Brennan 1918 single work review
— Appears in: The Bulletin , 5 December vol. 39 no. 2025 1918; (p. 2,26)

— Review of A Chant of Doom and Other Verses C. J. Brennan , 1918 selected work poetry
Chris Brennan J. Le Gay Brereton , 1919 single work review
— Appears in: The Lone Hand , 1 March vol. 9 no. 3 1919; (p. 13)

— Review of A Chant of Doom and Other Verses C. J. Brennan , 1918 selected work poetry
How and When to Hate 1919 single work criticism review
— Appears in: Birth : A Little Journal of Australian Poetry , January vol. 3 no. 26 1919; (p. 6-7)
F.C.S. Schiller and Brennan's the Burden of Tyre Michael Buhagiar , 2011 single work criticism
— Appears in: Southerly , vol. 71 no. 3 2011; (p. 116-129)
'Christopher Brennan composed the bulk of his fifteen-poem sequence The Burden of Tyre between August 1900 and May 1901, but it remained unpublished until Harry Chaplin's private edition of 1953. Prompted by the Boer war, which Brennan vehemently opposed, and dealing with it as an expression of philosophical principles, he had initially hoped to "sneak it in" to Poems 1913, to lie between The Forest of Night and The Wanderer. This indicates the weight it clearly carries, which is of a different order to that of the noisier and slighter The Chant of Doom (1916), Brennan's response to the First World War. G.A. Wilkes observed that on publication "It seems at once to have proved itself as inscrutable as the rest of Brennan's work". Yet only Wilkes and Mary Merewether have provided extended treatments of it, and much of it remains obscure. A close reading of his sources can solve some of the most seemingly intractable problems of Brennan scholarship, and Merewether's paper in particular is an invaluable resource in this regard. Yet she has missed the principle source of the Prologue, namely F.C.S. Schiller, whose philosophical work The Riddles of the Sphinx deeply influenced Brennan at this time; and so this most important poem of the sequence, as an overture announcing its chief themes and concerns, remains poorly understood. Wilkes felt that "[It] certainly is political poetry, but only intermittently is it anything more"; and Merewether that "The reading of The Burden of Tyre ... shows there to be few new ideas in it". The purpose of this paper is to provide a thorough exegesis of the Prologue in the light of The Riddles of the Sphinx, and to show that there are indeed new ideas in it, and ideas, moreover, which can throw light into some important aspects of Poems 1913, and into Brennan's response to one of his chief influences at the time.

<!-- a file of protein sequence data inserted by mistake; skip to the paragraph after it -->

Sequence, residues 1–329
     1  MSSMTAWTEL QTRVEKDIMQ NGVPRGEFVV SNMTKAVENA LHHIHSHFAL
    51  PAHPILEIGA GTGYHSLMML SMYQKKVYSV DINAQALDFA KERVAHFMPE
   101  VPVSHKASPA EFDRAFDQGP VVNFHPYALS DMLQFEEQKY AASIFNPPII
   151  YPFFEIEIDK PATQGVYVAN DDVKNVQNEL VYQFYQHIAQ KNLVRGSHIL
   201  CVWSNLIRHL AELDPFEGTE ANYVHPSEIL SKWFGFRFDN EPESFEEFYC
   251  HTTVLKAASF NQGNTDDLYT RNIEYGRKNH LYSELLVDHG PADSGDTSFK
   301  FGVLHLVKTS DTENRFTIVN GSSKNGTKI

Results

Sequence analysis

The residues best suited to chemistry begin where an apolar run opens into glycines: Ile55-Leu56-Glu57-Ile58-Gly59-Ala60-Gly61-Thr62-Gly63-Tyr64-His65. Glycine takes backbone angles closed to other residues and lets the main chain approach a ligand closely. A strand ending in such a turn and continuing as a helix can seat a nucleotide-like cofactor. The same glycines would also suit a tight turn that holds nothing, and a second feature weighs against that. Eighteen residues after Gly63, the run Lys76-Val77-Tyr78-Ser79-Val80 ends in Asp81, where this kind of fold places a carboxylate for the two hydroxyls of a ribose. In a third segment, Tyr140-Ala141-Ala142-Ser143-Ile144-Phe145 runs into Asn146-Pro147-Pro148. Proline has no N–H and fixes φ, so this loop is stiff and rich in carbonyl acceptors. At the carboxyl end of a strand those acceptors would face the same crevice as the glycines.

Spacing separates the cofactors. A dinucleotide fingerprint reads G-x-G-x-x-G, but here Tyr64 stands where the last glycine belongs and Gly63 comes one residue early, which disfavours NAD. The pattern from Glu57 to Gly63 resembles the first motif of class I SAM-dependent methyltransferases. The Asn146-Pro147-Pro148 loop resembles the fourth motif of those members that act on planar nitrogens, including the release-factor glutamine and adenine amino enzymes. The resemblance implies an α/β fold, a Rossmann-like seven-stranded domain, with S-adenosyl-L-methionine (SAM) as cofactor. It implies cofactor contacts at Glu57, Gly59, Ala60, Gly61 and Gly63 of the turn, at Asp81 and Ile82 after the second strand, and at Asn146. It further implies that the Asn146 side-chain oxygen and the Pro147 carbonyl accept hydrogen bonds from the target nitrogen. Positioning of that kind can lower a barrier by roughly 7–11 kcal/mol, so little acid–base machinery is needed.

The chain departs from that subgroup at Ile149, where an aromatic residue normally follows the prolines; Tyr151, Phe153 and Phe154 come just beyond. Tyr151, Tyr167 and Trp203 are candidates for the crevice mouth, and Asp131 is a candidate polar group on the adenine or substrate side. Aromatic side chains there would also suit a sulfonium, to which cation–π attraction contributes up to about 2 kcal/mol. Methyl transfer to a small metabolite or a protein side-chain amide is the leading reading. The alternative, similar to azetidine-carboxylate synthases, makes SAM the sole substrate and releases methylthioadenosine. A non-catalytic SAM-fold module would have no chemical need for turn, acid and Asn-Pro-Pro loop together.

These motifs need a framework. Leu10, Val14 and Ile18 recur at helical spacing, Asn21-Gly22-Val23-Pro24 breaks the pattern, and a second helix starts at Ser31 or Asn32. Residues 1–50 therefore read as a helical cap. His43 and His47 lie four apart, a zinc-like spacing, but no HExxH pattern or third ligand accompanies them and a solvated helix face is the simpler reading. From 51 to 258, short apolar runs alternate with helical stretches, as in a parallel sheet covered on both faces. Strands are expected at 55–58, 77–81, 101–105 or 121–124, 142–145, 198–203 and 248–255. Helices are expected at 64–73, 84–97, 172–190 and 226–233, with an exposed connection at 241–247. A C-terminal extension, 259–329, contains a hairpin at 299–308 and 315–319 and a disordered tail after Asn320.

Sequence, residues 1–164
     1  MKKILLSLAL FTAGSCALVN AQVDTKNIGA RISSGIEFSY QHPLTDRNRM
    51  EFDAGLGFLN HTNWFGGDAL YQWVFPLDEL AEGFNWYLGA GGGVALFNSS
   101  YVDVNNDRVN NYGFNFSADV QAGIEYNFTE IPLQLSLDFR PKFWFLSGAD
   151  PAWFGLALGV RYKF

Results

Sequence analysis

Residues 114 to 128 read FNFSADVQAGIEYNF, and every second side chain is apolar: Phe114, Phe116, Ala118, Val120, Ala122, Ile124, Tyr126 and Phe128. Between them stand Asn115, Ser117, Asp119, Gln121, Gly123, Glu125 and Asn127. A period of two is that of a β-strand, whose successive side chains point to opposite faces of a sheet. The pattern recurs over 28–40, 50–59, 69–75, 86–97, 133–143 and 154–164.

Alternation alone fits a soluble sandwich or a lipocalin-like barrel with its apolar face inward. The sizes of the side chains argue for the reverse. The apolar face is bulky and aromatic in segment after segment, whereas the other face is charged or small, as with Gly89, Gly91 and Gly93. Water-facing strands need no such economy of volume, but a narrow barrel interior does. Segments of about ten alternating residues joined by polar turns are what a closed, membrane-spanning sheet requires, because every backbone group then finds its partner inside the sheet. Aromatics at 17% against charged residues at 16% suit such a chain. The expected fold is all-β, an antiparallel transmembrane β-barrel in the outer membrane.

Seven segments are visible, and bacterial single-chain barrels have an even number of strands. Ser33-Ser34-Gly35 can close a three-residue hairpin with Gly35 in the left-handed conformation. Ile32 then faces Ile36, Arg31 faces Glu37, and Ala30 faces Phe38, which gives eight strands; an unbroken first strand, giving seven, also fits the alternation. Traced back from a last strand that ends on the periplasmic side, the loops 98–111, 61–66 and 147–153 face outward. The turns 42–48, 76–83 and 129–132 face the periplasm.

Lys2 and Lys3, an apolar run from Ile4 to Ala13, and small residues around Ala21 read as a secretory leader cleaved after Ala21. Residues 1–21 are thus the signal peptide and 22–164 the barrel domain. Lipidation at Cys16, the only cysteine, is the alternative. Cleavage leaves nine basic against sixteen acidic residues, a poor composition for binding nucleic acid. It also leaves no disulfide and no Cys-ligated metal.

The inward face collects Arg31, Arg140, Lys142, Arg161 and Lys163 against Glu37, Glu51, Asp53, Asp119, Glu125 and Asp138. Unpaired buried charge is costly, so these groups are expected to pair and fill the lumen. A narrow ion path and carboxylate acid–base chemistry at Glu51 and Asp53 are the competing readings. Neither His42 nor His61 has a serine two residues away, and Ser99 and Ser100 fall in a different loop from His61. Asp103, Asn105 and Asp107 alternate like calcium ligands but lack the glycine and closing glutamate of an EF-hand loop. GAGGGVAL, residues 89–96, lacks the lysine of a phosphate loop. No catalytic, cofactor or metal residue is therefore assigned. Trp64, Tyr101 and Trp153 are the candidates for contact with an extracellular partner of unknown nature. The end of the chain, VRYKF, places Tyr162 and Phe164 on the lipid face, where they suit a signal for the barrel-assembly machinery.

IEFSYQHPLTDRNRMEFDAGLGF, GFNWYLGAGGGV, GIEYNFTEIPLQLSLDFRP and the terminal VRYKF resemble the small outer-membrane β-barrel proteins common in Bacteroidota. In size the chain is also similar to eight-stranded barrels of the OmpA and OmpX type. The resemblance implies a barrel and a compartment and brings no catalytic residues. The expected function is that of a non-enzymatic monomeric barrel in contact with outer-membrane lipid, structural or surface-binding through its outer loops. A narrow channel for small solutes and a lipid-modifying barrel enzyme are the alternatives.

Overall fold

C. J. Brennan's A Chant of Doom : Australia's Medieval War Andrew Lynch , 2007 single work criticism
— Appears in: Australian Literary Studies , May vol. 23 no. 1 2007; (p. 49-62)
Last amended 10 Sep 2013 16:24:56